Gliomas account for over 80% of malignant brain tumors and current treatments have limited effect on patient outcome. Now, a new paper in Cell Reports from the lab of Dr. Steven Goldman, M.D., Ph.D., based at the University of Rochester Medical Center, identifies a several signaling pathways misregulated in glial progenitor cells (GPCs) from gliomas. These genes function in a pathway that may prove critical in tumor growth and present an attractive target for the development of new therapeutics. The group isolated GPCs from normal brain tissue and from glioma samples using a GPC marker. The glioma tumor progenitor cells (TPCs) retain the ability to produce multiple neural cell types like their GPC counterparts, express other characteristics of stem cells, and can give rise to new gliomas when transplanted into mice. Comparison of normal GPCs to TPCs revealed a number of genes that were overexpressed in the TPCs. Inactivating the transcription factor SIX1, whose expression was highly elevated in TPCs along with its cofactor, caused TPCs to stop dividing in culture and to die, and prevented TPCs from inducing new tumors in mice, identifying a potential therapeutic target. This research was a collaborative effort and included additional NYSTEM-funded scientists Dr. Abdellatif Benraiss, also at the University of Rochester, and Dr. Fraser Sim at the University at Buffalo. This work was supported in part by NYSTEM IIRP award to Dr. Goldman (C026428).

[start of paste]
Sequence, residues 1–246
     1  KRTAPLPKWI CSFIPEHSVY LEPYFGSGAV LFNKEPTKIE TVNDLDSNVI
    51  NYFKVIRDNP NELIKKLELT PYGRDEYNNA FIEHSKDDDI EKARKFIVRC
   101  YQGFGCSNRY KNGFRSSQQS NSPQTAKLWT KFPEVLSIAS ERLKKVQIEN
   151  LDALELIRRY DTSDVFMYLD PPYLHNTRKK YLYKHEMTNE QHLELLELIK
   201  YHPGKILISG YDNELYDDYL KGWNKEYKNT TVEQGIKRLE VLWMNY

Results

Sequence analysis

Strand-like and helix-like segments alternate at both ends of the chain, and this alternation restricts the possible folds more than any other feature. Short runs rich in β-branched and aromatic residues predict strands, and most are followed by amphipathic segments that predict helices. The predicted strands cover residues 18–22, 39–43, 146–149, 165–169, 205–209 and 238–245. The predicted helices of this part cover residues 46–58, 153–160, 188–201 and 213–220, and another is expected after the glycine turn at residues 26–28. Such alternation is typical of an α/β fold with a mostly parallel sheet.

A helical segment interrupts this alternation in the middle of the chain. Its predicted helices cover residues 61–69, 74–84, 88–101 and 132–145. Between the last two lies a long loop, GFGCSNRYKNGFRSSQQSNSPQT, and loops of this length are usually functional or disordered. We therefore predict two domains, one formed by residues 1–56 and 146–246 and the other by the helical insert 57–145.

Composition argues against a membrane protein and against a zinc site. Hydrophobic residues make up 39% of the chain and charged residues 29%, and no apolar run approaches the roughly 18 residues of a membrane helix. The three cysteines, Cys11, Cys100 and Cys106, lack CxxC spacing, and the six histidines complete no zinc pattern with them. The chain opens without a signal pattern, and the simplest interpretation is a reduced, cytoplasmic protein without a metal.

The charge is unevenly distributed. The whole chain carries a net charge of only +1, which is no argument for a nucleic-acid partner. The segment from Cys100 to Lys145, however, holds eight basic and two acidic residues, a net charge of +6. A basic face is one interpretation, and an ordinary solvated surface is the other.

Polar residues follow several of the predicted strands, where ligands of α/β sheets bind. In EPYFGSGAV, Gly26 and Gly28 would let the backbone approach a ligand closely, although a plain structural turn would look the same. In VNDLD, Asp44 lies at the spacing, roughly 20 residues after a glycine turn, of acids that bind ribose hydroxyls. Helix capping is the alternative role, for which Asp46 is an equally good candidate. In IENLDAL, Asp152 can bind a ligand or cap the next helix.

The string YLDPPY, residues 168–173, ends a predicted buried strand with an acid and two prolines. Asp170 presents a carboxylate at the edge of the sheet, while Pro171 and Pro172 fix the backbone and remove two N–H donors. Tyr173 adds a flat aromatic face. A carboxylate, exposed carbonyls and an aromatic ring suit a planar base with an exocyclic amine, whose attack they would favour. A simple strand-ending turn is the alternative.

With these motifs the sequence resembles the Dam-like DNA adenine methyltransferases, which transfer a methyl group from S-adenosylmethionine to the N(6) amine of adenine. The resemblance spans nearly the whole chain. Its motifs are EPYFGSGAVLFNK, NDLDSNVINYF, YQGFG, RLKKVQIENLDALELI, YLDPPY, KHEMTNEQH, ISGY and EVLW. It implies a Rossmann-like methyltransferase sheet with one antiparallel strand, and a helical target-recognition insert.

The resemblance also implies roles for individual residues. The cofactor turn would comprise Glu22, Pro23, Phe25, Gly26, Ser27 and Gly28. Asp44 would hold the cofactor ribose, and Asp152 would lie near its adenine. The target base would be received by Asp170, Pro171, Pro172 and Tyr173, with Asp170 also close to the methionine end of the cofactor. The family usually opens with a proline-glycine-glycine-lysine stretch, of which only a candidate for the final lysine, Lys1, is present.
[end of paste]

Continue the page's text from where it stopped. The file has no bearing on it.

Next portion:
Auvergne RM, Sim FJ, Wang S, Chandler-Militello D, Burch J, Al-Fanek Y, Davis D, Benraiss A, Walter K, Achanta P, Johnson M, Quinones-Hinojosa A, Natesan S, Ford HL, Goldman SA. Transcriptional Differences between Normal and Glioma-Derived Glial Progenitor Cells Identify a Core Set of Dysregulated Genes. Cell Reports. 2013 June 27 3: 1-15.